Isolation and purification of acetylcholine receptor proteins by affinity chromatography

Eur J Pharmacol. 1989 Aug 15;172(3):231-8. doi: 10.1016/0922-4106(89)90053-9.

Abstract

In order to further molecular investigations on the binding capacity of acetylcholine receptors, a method was developed for the affinity chromatography of the nicotinic acetylcholine receptor. Reversibly binding cholinergic ligand groups were used as affinity ligands, instead of the well known snake venom alpha-toxins. These ligands are small in size, chemically well defined and fixed to long spacer chains (at least 40 nm). One ligand, with a pharmacologically stabilizing effect on the receptor, was a derivative of gallamine. Another, with a depolarizing effect, resembled carbamoylcholine and a third was a derivative of decamethonium. The receptor proteins were isolated from Torpedo marmorata electric organs. Preparation included solubilization with a non-ionic detergent, alkaline treatment to extract peripheral membrane proteins and affinity purification. The receptor proteins eluted from the three affinity resins were identical in their assembly of subunits (alpha, beta, gamma and delta) but of different purity. Receptor proteins were obtained on a large scale within a short time and under mild conditions for elution with the affinity ligands of the decamethonium or the gallamine type. This was a considerable advantage compared to the use of alpha-bungarotoxin.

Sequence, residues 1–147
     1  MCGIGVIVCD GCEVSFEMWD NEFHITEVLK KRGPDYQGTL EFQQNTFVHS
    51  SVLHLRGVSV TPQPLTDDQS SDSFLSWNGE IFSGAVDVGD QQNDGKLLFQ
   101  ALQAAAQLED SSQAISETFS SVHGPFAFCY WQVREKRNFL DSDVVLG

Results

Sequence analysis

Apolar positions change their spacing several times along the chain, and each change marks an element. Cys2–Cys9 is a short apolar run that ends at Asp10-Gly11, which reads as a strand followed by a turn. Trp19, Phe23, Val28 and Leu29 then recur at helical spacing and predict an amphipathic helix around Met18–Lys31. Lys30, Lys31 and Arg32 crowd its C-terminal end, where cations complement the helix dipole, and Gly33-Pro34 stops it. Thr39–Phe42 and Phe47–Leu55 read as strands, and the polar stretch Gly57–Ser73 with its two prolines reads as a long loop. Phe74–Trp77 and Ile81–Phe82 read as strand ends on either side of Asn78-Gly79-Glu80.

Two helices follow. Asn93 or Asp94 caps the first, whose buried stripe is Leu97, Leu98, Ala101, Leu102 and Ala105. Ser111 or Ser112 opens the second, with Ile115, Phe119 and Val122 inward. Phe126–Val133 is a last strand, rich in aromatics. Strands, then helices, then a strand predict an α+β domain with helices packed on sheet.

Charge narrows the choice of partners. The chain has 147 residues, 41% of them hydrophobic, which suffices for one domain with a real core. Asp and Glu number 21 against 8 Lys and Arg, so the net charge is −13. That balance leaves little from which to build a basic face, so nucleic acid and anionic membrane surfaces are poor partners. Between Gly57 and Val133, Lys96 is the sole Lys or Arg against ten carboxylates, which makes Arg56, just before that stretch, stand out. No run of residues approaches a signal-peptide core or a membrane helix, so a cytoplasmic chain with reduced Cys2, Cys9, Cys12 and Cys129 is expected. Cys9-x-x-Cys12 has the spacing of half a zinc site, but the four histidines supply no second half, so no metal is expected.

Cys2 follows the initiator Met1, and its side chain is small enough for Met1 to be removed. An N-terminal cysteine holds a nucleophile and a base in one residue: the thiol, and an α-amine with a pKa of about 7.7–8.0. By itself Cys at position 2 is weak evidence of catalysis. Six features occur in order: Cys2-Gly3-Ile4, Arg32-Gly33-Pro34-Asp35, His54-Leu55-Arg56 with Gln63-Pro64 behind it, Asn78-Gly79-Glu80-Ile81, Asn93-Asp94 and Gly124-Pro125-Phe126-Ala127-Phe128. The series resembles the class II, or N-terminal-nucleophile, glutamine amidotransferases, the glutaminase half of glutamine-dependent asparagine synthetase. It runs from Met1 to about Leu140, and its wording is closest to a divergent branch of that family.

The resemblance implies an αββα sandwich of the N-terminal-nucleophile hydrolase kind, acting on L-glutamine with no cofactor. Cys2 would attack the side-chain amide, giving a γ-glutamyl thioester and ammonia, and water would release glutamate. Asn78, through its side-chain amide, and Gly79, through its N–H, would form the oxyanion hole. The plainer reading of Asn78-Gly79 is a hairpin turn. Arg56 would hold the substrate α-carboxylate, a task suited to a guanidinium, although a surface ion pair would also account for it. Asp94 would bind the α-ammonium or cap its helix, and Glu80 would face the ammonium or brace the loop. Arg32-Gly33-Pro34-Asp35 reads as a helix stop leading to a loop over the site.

Publication types

  • Research Support, Non-U.S. Gov't

MeSH terms

  • Animals
  • Chromatography, Affinity
  • Electric Organ / analysis
  • Electrophoresis, Polyacrylamide Gel
  • In Vitro Techniques
  • Iodine Radioisotopes
  • Ligands
  • Molecular Weight
  • Nerve Tissue Proteins / metabolism
  • Proteins / isolation & purification*
  • Receptors, Cholinergic / isolation & purification*
  • Resins, Plant
  • Spectrophotometry, Ultraviolet
  • Torpedo

Substances

  • Iodine Radioisotopes
  • Ligands
  • Nerve Tissue Proteins
  • Proteins
  • Receptors, Cholinergic
  • Resins, Plant